It’s International Women’s Day this Sunday, March 8th and the theme for this year’s celebrations is #EachforEqual, with the message that “an equal world is an enabled world”. Meaning that we all can collectively help on the fight for women’s rights, challenge stereotypes and celebrate women’s achievements.
Thinking about the challenges that female professionals face in our industry we decided to touch point on a subject that was the focus of a study in the US and Europe, focusing on women’s achievements and their potential for progression in compliance.
You might think that the compliance department is dominated by men. However, a recent report shows a different reality – 54.2% of compliance officers in the US are women and this number has been increasing since 2016 when men used to dominate the compliance function.
The function has been growing in the past 20 years, being one of the fastest-growing professions for women in the US due to the increase number of regulations. In the US research shows that these women are mostly like to have a business degree while in Europe they usually hold a law degree.
With all the regulations in place and organizations struggling to adapt to them, the industry saw the need to incorporate more women in these departments. Further, these women saw the opportunity to grow in the compliance departments across the US. On the other hand, in ASIA and Europe the profession still being dominated by men but there is a growing effort for gender equality achievement in these regions.
The Gender Gap
In the US the average salary for men in the compliance function still higher than the average wage for women. In Europe, there is a recent shift to ensure equality and ensure that all can reach the senior level. Organizations and governments have been raising the issue and reducing the disparity pay between men and women in compliance, however, there is still a lot of work to be done for women to reach the top levels of organizations.
There are already women in senior-level roles at some firms, and those that are in this category should become the aspiration of firms that are not doing enough to aid female progression. This is not a case of simply hiring women into the top-level roles, it is the opportunity to foster their careers which empowers them to progress through the ranks internally.
European Head of a leading Compliance Certification Association in an interview for Morgan McKinley
The report called Women in Finance reveals that is challenging to find women represented in senior roles. The analysis found that women are most represented in the senior function on human resources and communication roles in the finance services. The findings are:
There is clearly an under-representation of women in senior positions in the financial services sector. The gender distribution of financial firms typically follows a “pyramid” model where the number of women diminishes in line with seniority. Furthermore, women are generally better represented in firms’ support functions rather than profit-generating functions.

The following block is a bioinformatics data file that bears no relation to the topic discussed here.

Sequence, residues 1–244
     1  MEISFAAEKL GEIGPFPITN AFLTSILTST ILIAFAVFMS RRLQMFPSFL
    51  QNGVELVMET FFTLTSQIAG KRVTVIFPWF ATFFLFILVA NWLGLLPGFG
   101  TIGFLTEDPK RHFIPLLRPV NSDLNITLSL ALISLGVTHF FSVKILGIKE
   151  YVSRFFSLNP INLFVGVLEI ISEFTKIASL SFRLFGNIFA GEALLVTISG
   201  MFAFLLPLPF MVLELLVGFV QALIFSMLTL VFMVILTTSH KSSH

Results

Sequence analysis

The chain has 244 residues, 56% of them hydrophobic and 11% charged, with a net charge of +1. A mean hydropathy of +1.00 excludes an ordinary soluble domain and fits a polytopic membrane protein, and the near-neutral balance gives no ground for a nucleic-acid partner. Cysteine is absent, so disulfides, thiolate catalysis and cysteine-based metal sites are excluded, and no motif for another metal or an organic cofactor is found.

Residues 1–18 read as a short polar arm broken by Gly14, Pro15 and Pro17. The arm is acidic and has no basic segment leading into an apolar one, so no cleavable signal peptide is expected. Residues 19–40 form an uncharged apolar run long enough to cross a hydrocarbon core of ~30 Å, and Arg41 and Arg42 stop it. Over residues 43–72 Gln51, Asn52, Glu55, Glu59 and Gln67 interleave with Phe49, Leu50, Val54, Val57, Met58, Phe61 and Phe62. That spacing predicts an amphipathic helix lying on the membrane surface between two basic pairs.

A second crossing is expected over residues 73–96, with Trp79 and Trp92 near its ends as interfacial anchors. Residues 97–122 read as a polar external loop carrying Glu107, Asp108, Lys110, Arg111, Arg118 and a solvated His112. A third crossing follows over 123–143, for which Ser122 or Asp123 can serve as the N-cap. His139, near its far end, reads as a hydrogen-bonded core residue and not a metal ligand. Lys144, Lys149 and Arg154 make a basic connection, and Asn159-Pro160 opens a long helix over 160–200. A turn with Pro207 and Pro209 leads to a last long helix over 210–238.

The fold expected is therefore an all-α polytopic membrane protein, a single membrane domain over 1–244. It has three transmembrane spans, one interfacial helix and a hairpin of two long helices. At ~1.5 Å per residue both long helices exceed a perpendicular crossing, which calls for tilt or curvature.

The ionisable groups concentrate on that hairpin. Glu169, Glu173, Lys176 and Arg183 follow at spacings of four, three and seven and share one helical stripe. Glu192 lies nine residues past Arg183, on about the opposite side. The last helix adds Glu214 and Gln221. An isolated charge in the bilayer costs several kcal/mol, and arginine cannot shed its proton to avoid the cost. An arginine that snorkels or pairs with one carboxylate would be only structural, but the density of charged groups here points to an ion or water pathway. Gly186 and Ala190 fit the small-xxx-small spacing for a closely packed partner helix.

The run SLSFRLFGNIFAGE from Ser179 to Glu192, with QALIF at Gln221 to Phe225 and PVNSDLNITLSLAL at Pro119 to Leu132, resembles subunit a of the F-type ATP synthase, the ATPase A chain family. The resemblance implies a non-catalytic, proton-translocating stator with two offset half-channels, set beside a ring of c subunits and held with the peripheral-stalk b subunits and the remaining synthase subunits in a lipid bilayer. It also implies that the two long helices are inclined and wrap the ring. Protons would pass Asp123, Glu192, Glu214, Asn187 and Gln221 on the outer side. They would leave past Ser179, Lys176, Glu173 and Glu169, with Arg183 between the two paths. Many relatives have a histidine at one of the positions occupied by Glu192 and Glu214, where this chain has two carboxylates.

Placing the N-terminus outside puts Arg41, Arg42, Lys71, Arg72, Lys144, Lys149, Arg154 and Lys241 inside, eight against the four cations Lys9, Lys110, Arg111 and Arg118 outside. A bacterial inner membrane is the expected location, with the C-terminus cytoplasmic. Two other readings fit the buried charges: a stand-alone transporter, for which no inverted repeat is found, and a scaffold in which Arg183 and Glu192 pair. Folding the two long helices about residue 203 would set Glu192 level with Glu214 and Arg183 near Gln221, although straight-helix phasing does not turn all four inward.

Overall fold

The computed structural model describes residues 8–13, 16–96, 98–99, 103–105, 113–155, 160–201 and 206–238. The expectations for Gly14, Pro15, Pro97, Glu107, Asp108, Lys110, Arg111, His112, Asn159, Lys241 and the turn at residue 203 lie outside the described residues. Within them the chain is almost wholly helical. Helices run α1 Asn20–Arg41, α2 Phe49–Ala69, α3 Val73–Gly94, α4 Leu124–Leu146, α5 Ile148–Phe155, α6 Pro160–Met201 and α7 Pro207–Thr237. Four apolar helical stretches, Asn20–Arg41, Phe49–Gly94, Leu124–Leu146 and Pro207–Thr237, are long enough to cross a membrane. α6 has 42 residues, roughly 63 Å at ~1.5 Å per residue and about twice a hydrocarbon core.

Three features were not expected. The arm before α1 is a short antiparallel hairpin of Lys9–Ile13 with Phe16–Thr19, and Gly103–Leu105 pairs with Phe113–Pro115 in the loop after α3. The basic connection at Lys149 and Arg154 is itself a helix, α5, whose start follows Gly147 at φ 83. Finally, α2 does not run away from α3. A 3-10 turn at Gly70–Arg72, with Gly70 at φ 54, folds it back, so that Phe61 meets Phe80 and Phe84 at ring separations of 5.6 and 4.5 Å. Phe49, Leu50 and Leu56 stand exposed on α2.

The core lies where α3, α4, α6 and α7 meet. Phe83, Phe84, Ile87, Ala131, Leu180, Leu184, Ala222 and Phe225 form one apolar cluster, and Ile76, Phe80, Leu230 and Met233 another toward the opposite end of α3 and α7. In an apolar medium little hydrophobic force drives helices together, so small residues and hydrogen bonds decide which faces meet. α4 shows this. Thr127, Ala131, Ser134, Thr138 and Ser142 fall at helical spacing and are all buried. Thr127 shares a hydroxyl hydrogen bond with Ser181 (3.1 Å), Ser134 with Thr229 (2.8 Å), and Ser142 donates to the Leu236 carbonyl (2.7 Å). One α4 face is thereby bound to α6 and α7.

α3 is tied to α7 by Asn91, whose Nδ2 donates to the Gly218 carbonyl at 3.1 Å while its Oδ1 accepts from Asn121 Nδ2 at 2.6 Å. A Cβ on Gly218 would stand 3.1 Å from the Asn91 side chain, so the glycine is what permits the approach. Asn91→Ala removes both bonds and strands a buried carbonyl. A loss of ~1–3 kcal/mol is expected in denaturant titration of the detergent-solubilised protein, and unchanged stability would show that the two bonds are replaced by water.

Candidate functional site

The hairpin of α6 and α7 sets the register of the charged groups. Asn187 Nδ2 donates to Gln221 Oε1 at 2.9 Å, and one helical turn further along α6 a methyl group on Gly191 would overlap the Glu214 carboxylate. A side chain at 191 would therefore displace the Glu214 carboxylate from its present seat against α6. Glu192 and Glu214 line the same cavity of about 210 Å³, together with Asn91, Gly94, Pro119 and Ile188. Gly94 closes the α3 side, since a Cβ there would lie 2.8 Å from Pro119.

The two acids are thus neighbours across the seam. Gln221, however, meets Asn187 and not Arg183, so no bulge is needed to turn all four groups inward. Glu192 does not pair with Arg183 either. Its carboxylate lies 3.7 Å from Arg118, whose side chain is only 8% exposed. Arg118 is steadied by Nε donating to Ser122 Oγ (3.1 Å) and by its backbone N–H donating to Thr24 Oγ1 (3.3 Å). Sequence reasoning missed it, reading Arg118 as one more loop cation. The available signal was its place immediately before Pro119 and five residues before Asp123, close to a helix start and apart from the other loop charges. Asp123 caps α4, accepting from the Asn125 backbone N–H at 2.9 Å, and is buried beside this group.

Even the FCA – Financial Conduct Authority in the UK has released a report analyzing its gender gap, their senior, technical, and managerial roles are under-represented by women. The report explains where improvements need to be made, and incentive all organizations to take positive action to address these challenges.
Our targets are for 45% of our senior leadership team to identify as women by 2020, and 50% by 2025, and for 8% of our senior leadership team to identify as BAME by 2020, rising to 13% by 2025.
Financial Conduct Authority
Asia has much to do to improve gender equality, although, the Philippines has been standing out for its progress, followed by New Zealand and Singapore in gender equality at work. Asia is on the chase to achieve gender parity as it can reinforce the region’s dynamic growth story and increase business opportunities.
Asia Pacific nations have made progress in the past decade, driven by a combination of economic development, government measures, technological change, market forces, and activism.
McKinsey & Company 2018 report
Several legislative measures and policies are being adopted in Asia to deliver equal pay and ensure recruitment, retention, and promotion of women in all sectors. Network groups such as Risky Women have been doing a great job at keeping these women together providing voice to women in risk, regulation, and compliance. The group celebrates women who work in the financial services in these challenging roles, by hosting events, creating content, sharing ideas and insights. Risky Women incentivize the growth of risk and compliance function, hoping to reach equality and give voice to women in compliance.
In our view, compared to the past the position of women in the workplace and compliance roles have improved and there is a positive trend ahead of us with more engagement between these professionals. Compliance women globally are voicing their challenges and putting forward their thoughts. We see more organizations proactively analyzing themselves and making improvements to reduce the gender gap in the industry. We believe that diversity at senior levels has a positive impact and build a better corporate culture. Companies that recognize diversity as a positive asset will likely succeed.
From all of us at MCO Happy International Women’s Day!